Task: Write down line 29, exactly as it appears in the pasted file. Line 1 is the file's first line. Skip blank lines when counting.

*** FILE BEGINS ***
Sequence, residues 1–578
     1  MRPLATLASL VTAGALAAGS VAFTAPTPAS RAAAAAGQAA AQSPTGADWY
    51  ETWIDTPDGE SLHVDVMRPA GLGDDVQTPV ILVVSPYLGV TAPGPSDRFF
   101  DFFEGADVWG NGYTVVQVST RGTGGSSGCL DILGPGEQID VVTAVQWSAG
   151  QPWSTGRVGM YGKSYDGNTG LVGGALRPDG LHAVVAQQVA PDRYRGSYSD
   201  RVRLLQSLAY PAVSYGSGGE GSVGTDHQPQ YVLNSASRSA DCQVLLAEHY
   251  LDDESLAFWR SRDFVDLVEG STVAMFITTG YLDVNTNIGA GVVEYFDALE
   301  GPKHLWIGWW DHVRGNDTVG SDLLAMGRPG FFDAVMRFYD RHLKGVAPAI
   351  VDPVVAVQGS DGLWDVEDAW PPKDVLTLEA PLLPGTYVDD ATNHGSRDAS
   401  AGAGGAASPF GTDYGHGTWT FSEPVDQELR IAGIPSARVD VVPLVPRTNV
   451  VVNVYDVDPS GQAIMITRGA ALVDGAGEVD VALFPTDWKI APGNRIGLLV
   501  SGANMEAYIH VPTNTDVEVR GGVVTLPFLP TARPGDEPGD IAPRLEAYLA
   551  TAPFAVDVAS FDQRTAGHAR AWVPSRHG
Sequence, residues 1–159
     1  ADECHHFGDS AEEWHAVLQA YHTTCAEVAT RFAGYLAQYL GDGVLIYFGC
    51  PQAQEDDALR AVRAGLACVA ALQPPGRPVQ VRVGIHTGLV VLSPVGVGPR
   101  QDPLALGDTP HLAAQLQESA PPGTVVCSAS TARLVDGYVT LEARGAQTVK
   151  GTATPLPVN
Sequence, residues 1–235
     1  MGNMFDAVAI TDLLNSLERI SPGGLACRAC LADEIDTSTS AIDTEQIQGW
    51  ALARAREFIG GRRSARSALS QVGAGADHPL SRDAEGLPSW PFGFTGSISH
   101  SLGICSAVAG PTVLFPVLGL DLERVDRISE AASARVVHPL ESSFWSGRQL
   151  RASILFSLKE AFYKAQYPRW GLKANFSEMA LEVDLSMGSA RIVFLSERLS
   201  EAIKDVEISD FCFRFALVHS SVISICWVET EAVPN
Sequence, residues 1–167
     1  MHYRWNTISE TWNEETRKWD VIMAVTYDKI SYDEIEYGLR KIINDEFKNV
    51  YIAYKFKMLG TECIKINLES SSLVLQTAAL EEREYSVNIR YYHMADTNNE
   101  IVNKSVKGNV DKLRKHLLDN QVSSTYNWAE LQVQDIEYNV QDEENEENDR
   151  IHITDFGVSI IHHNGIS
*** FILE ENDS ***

   151  IHITDFGVSI IHHNGIS